Industry 4.0, also known as the fourth industrial revolution, refers to the era of connectivity between machines and humans. It refers specifically to automation and manufacturing and comprises IoT, cloud computing, machine learning and artificial intelligence, all of which help create real-time access to actionable data.
What industry 4.0 is essentially doing, is creating new opportunities and environments in which to promote greater efficiency. But today’s manufacturing landscape is competitive, and maintaining a profitable, sustainable business requires organisations to achieve efficiencies across each stage of the value stream. Creating and sustaining efficiencies can be challenging, affected by a growing competitive marketplace, shifts in consumer demand, the introduction of new technologies, rising raw material costs as well as process change management obstacles.
Innovation is an important driver in the application of cutting-edge technology. And the possibilities inherent in linking the capabilities of digitisation to the physical aspects of the manufacturing industry by capitalising on the growing abilities of IoT and other technologies are endless. But what do we mean by innovation? Let’s take a closer look.
A sustaining innovation is an incremental innovation that enables or sustains an existing product. This is different to a disruptive innovation, which is one that helps create a new market and value network, and eventually disrupts an existing market and value network and as a result, displaces an earlier technology. Sustaining innovations are visible every day, from faster processes, sharper screens, longer battery life, stronger glue and lighter bikes – the list is endless.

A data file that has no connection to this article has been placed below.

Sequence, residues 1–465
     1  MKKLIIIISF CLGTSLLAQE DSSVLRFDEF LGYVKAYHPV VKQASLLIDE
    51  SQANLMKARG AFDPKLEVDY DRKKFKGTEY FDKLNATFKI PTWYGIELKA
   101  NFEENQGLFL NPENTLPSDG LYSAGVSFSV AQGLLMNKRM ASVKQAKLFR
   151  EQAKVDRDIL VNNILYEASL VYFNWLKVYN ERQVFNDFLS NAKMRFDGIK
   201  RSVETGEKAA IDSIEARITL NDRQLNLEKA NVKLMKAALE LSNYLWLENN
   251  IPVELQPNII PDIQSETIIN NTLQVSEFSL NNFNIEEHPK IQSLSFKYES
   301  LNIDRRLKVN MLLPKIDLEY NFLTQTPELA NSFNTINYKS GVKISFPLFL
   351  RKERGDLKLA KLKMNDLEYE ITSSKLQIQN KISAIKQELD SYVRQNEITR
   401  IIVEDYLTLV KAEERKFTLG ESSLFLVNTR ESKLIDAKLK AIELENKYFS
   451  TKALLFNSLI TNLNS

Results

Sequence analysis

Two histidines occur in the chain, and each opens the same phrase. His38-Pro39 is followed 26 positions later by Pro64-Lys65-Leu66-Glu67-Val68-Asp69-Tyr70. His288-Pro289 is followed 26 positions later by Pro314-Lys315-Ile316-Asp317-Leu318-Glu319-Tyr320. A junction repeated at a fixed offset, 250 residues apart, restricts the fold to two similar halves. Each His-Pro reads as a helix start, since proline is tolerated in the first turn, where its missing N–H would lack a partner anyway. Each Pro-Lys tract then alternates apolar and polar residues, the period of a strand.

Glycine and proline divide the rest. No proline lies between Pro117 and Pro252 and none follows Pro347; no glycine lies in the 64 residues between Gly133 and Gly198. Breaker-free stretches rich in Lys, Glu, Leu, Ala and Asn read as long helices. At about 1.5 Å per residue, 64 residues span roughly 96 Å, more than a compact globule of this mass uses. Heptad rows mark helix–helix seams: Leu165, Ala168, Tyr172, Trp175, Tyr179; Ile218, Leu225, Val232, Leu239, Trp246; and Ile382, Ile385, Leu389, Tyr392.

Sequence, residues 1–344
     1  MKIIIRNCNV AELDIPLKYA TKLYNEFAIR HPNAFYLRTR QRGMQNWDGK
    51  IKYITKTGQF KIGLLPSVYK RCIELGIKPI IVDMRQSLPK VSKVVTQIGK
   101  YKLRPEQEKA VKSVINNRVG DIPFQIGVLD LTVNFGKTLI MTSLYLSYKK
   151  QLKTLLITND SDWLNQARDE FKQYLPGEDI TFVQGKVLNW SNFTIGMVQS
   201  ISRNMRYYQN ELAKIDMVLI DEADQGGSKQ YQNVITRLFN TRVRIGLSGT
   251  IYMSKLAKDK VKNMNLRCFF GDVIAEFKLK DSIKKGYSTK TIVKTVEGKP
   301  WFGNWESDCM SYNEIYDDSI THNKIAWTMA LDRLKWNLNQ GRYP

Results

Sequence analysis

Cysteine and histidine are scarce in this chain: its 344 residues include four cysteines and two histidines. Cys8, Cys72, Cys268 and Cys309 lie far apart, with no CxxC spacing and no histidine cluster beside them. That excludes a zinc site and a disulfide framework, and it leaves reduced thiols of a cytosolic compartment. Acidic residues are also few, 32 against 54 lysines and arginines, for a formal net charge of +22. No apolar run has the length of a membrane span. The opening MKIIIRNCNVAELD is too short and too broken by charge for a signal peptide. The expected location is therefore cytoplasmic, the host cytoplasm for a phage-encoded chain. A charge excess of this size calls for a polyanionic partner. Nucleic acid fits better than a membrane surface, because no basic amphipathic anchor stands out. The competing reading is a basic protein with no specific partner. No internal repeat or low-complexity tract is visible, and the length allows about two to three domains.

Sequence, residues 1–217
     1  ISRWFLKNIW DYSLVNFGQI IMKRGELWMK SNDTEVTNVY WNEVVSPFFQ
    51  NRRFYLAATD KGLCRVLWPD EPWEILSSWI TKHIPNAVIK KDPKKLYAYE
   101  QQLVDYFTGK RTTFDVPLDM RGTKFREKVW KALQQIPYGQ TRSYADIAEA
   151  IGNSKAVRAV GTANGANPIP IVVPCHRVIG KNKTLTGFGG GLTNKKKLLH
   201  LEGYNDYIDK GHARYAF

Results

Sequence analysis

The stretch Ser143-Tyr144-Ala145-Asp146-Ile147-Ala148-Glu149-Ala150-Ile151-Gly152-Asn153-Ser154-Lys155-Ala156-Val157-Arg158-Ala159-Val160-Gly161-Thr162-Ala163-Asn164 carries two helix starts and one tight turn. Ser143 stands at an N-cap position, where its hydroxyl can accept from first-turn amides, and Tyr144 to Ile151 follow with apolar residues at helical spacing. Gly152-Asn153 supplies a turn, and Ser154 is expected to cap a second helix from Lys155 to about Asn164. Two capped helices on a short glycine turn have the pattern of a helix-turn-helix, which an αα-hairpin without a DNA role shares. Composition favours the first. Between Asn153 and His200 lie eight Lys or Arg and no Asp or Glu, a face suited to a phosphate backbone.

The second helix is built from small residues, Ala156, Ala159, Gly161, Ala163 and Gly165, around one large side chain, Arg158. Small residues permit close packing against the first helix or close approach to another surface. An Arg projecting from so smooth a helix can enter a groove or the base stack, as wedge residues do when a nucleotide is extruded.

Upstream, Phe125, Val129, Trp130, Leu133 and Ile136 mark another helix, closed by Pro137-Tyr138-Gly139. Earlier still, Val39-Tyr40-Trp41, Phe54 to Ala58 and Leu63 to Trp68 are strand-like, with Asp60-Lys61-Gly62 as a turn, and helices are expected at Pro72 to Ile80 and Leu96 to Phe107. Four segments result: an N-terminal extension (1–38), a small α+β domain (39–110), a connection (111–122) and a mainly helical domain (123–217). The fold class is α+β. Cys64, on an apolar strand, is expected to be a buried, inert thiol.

Disruptive innovations are less frequent, but we are seeing more industries being disrupted more often. Great examples of disruptive innovation include digital photography, electric cars, the internet and even 3D printing. Sustaining innovations can be stacked to create disruptive innovations. But looking at manufacturing, what are the sustaining innovations that are available right now or starting to become apparent?
In the manufacturing sector, we are seeing a rise in the use of IoT, AR, VR, BI & MI tools, machine learning, robotics, co-bots and automation to name a few. All of these have been applied to improving results. A significant portion of new sales growth for industrial equipment manufacturers will come from connected equipment with sensors, actuators and analytical insights that can exchange critical data with other machines and computer networks.
Data shows that across all industries, companies that earmark money for R&D spending on software earlier than their competitors enjoy greater revenue gains*
So what can you do? What options do you have that can ensure we get that right balance of investment into the digital elements of manufacturing and how do we capitalise on the goldilocks time frame to act?
At Razor, we have created The Razor Sprint, designed specifically for people who believe that technology can enhance their business. If you want to make a change and take action – we can help. Contact us to find out more about how we can help you make a change.
*PwC Industrial Manufacturing Trends 2018-19